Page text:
Microgravity potentiates stem cell proliferation while sustaining the capability of differentiation
Yuge, L., et al. (2006). "Microgravity potentiates stem cell proliferation while sustaining the capability of differentiation." Stem Cells and Development 15 6: 921-929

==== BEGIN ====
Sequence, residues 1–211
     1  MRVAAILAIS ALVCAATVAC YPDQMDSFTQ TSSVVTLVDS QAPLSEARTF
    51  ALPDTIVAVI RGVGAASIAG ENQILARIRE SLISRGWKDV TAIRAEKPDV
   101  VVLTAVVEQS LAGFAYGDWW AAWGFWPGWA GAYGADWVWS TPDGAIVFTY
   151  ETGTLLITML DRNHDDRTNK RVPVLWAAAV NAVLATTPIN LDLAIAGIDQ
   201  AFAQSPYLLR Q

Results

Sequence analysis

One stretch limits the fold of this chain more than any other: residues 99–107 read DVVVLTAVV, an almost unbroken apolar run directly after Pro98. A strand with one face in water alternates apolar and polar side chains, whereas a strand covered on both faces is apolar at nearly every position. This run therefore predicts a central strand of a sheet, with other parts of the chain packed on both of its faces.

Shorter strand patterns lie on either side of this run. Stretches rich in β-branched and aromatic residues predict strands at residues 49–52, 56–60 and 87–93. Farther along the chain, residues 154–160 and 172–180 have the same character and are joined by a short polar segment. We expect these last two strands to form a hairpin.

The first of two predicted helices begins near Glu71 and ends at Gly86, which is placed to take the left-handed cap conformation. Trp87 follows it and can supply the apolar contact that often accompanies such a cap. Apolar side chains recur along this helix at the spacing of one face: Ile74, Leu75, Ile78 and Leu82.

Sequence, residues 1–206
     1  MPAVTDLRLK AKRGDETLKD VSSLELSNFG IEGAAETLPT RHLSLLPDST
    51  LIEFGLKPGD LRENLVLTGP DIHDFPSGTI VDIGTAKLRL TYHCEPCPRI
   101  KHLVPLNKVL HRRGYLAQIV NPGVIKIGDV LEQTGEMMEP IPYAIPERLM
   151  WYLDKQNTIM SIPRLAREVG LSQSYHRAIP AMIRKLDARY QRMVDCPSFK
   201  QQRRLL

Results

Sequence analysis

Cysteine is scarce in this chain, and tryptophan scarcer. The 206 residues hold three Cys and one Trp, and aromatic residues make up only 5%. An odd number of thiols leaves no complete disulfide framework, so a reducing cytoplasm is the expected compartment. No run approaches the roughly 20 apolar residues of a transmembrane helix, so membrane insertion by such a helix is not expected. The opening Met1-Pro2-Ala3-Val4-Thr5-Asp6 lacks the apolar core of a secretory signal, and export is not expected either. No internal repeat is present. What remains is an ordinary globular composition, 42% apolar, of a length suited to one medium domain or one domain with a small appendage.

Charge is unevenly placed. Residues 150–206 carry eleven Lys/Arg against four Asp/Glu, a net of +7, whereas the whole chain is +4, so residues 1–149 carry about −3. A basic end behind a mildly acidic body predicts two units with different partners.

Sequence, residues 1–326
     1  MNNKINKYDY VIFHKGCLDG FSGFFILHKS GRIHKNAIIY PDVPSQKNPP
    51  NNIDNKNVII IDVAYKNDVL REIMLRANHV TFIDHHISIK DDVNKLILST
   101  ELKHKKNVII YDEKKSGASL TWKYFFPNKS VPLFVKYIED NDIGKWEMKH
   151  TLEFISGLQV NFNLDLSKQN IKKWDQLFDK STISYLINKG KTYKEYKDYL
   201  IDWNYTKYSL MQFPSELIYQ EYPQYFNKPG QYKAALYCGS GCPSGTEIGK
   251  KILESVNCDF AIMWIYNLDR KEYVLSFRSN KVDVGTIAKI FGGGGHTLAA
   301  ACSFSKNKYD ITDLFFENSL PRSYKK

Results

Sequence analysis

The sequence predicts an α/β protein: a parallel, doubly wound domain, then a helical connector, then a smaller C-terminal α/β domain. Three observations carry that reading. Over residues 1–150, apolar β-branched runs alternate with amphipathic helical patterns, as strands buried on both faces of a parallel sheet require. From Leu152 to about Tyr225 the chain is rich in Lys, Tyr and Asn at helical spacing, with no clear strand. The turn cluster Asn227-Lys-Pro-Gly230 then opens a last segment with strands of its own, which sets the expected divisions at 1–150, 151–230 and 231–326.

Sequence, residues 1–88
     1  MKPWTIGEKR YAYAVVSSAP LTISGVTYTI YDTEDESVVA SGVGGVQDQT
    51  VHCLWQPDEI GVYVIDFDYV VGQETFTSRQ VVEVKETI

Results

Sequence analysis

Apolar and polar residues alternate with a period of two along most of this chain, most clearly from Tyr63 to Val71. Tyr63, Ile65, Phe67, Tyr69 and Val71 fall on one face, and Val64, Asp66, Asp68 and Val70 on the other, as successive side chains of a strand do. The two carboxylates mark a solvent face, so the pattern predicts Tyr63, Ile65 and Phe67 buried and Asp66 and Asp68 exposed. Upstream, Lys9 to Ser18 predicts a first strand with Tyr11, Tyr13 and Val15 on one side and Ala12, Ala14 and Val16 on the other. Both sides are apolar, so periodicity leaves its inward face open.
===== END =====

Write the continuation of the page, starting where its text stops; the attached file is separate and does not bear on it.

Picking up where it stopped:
A three-dimensional (3D) clinostat is a device for generating multidirectional G force, resulting in an environment with an average of 10(3) G. Here we report that human mesenchymal stem cells (hMSCs) cultured in a 3D-clinostat (group CL) showed marked proliferation (13-fold in a week) compared with cells cultured under normal conditions of 1 G (group C) (4-fold in a week). Flow cytometry revealed a 6-fold increase in the number of hMSCs double-positive for CD44/CD29 or CD90/CD29 in group CL after 7 days in culture, compared with group C. Telomere length remained the same in cells from both groups during culturing. Group C cells showed increasing expression levels of type II collagen and aggrecan over the culture period, whereas group CL cells showed a decrease to undetectable levels. Pellets of hMSCs from each group were explanted into cartilagedefective mice. The transplants from group CL formed hyaline cartilage after 7 days, whereas the transplants from group C formed only noncartilage tissue containing a small number of cells. These results show that hMSCs cultured in a 3D-clinostat possess the strong proliferative characteristic of stem cells and retain their ability to differentiate into hyaline cartilage after transplantation. On the contrary, cells cultured in a 1-G environment do not maintain these features. Simulated microgravity may thus provide an environment to successfully expand stem cell populations in vitro without culture supplements that can adversely affect stem cell-derived transplantations. This method has significant potential for regenerative medicine and developmental biology.